As the legend goes, after seeing the Stone Roses in 1988, a young William Gallagher became inspired to start a band. His band evolved into Oasis, and after an acrimonious break-up with his big brother in 2009, the remaining members regrouped as Beady Eye.
It's easy to look at a band like Beady Eye and make easy pronouncements about the bombast of their music based on the circus that is the Gallagher brothers. When Noel threw in the towel and walked away, it seemed almost inevitable after years of well publicized public quarrels and multiple band "breakups".
But if you expected animosity and bitter feelings from Thursday night's Beady Show at the 9:30 Club, you would have been sorely disappointed. What was on display was a milieu that was equal parts professionalism, bombast and the pure rock 'n' roll swagger that one would expect from a front man who was named the Greatest of All Time by Q magazine.
For all intents and purposes, Beady Eye sounded great. The mix was crisp. Guitarists Gem Archer and Andy Bell (who sounds light years removed from his early Ride days) more than made up for Noel’s departure.
Plus, the band’s visuals – a surprisingly strong light show for a smallish venue and a projection that changed for each of the band’s 17 songs – were top notch. As far as performance goes, Beady Eye earned a solid A. Superb.
Like any proper Beatlemaniac, Gallagher dedicated a song to one of his heroes on the 31st anniversary of Lennon’s assassination.
They (Liam) even have the balls to name a song “Beatles and Stones,” which–no shit—sounds like the two bands, as Gallagher chimes in that he’s “gonna stand the test of time / like Beatles and Stones”.
Despite their love for the ‘60s, the band’s songwriting is still mired in the 90’s. Of course they still sound like Oasis. “The Roller” could have easily been slotted between “Hello” and “Roll With It” on (What’s The Story) Morning Glory?
Like the Lennon and McCartney parting-of-ways, Liam and Noel's divergence has clearly exposed the ingredients that each brought to the successful Oasis recipe. Noel clearly brought a mellower, more folk-tinged version of the psychedelic vintage rock that so clearly draped the Oasis catalog, as evidenced by his solo work with outfit The High Flying Birds and their self-titled debut. In the case of Liam, and the members of Oasis who stuck with him, that set of ingredients is heavy on 60's psychedelic rock but of a harder variety, drenched in distortion and echoing delays of West Coast pop and even some boozier moments of bar-room blues on tracks like the barn-burning "Bring the Light".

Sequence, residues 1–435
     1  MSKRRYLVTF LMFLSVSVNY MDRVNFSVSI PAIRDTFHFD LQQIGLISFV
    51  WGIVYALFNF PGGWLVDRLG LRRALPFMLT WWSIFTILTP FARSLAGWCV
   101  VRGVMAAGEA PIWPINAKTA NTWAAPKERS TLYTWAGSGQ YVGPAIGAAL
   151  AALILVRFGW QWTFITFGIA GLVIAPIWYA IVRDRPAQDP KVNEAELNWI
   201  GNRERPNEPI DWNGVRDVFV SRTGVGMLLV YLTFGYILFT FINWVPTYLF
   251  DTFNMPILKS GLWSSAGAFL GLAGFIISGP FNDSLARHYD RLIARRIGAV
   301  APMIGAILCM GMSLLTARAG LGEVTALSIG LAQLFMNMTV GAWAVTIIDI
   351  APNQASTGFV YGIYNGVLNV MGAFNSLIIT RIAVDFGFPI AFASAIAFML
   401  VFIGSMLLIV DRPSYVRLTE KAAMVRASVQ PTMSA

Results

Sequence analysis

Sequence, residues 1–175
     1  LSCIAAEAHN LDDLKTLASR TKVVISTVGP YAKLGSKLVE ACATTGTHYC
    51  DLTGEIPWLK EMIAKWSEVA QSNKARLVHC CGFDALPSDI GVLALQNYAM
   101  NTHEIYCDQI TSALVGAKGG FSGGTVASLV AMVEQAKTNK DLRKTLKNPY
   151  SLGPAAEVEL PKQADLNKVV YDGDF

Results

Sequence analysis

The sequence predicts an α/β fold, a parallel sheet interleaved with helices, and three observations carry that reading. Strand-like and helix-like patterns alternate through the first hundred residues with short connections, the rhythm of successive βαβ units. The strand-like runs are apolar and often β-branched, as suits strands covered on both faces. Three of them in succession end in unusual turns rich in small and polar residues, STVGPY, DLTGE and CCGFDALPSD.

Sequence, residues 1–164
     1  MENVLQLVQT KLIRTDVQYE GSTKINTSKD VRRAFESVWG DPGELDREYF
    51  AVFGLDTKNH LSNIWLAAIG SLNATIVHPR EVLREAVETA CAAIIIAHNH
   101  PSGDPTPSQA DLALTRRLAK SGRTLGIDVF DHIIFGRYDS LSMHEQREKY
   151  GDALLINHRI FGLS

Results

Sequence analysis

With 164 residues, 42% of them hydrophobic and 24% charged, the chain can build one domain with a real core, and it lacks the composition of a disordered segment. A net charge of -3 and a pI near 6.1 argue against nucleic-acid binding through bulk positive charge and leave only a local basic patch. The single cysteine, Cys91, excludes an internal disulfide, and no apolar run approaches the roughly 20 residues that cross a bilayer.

When experienced live Liam's voice is less whine and more a Mancunian howl, adding a distinct edge that's missing from the band's recorded debut "Different Gear, Still Speeding." "Four Letter Word" launched off the stage with bluesy swagger after Liam's proclamation that it wasn't some "fucking folk song". Tracks like "Three Ring Circus" have an added verve with Liam's distinctive glare stalking the stage, reaching up to the mic in his distinctively aggressive stance.
Beady Eye ended their set with “World Outside My Room” and “Sons of the Stage,” a cover by British group World of Twist. As the band tore through the cover, Gallagher (of course dressed in Pretty Green) walked out into the photo pit and began shaking hands with his fans. Could we have seen a new side to the cankerous Gallagher? Could age weathered his salty heart? I have no doubt that the band appeared to be having fun, removed from Noel’s cancerous demands.
On "The Beat Goes On," Liam sings that "it's not the end of the world...it's not even the end of the day" and despite the gauze of 60's pop that wrapped all the chords blazing from the speaker stacks, the guarded optimism of the sentiment seemed downright sincere.